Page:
Great Wine Pairings For Alaskan Seafood

The first stop on a recent tour of Alaska seafood was Crush Wine Bistro and Cellar in Anchorage, where we had a great dinner of raw oysters, mussel soup, king crab, and white king salmon fillet with wines that matched. The meal not only set the tone for the rest of the four-day visit, but it also set a high standard for other places where we stopped along the way.

Crush owners Robert de Lucia, Scott Anaya, and Chad Culley have crafted a restaurant that serves sophisticated cuisine with wines to match in a relaxed atmosphere. Later, Culley, who has assembled an eclectic collection of international wines, agreed to share his thoughts on ideal wine and seafood pairings.

The Daily Meal: Salmon steaks and filets give eaters a choice of red or white table wines. What are some of your favorite red wines and white wines for pairings?

Chad Culley: I almost never drink white wine with Alaska salmon. The fish is just too fatty and rich and tends to pair better with light reds and rosés. Pinot noir is almost always the answer for unadorned salmon. Other light reds such as st. laurent (Austria), gamay (France and Canada) or old-school barbera (Italy) are great options as well. For rosé, I go a little heavier, but with good acidity and mineral content.

Everyone loves rosé wines. If you had a nice pink from Provence, what Alaskan seafood might you want to pair with it?

Provençal rosés are amazing with fresh, light fish preparations. Niçoise is obvious and works especially well, whether with traditional tuna or with confit salmon, as we serve it at Crush. Others that are amazing with lean rosés include halibut or rockfish en papillote with fresh veggies and whole pan-seared rainbow trout with lemon and herbs.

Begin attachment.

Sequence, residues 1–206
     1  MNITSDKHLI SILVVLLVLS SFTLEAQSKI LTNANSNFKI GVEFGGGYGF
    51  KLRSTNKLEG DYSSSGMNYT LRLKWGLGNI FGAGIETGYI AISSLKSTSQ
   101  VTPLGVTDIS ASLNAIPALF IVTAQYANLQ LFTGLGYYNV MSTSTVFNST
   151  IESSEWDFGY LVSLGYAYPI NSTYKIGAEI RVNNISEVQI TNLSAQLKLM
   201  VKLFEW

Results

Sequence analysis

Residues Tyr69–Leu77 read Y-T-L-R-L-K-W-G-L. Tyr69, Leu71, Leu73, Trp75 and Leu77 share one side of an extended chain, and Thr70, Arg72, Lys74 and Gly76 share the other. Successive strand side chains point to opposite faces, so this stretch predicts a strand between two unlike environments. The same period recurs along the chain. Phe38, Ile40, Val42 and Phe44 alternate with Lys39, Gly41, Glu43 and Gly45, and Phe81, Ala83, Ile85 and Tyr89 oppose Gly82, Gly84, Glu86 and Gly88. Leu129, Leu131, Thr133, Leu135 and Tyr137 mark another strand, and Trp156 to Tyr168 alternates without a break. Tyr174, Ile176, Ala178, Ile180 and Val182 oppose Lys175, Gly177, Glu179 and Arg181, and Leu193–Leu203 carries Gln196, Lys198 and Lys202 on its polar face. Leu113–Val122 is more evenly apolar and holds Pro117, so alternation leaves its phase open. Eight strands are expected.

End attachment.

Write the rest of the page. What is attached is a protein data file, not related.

Chablis and muscadet are naturals for shellfish. But what are some other wine choices, and how would be the best way to use them?

I also love Champagne with shellfish, especially oysters or crab. Obviously a great pairing for crab in a rich sauce is a full chardonnay like those from Sonoma or Meursault. One of our recent discoveries at Crush is a special cuvée of picpoul de pinet [from Languedoc] that is aged sur-lie in oak barrels chained to the ocean floor. It's called "Libero," by Julie Benau, and sounds gimmicky, but the wine is at once full-bodied and lean with distinct briny notes. It pairs incredible well with many types of shellfish.

Crush likes cream or butter sauces for its seafood dishes. When you use cream or butter, what does that dictate for the type of wine you choose?

Butter requires richness in wine, even if the acidity is high. Chardonnay, made in a full style but with good acid structure, is often a good choice. I also like fuller versions of grüner veltliner for more peppery presentations and rieslings made in a rich style (kabinett trocken from a ripe vintage would be a good example) for more citrusy dishes.

What are your go-to wines for halibut or cod?

My personal go-to wine is almost always German riesling for this type of fish. There's no other wine on earth with the same type of rich fruit and high acidity that works so well with the fatty but delicate flavor of halibut. For cod, which is much more delicate (and not nearly as flavorful), I would still reach for riesling, but in a leaner style.

If you really wanted to have a bigger red wine for dinner, such as a mature cabernet or Rhône syrah, what kind of Alaska seafood — including its preparation — might you go with?[pullquote:right]

I have had very mature cabernets with a rustic salmon preparation with a Mediterranean flair (herbs and olives) that worked quite well. It's pretty obscure, but salmon shark is a very powerful flavor and is the one fish that comes to mind that might work with a northern Rhône-style syrah, especially with some sort of wild berry reduction as the sauce.

If you love spicier seafood, what does that demand of the wines you have with dinner?

I would go back to riesling on this one. But to speak in broader terms, for spicy seafood dishes, you need fruit (with or without sweetness), higher acid, and low alcohol. Alcohol is the great killer when it comes to spicy pairings, as the heat of the spice makes the alcohol in the wine more apparent, and vice versa. Look for wines from fruit-driven varieties such as riesling, muscat, gewürztraminer, and pinot gris that are around (ideally) under 13 percent alcohol.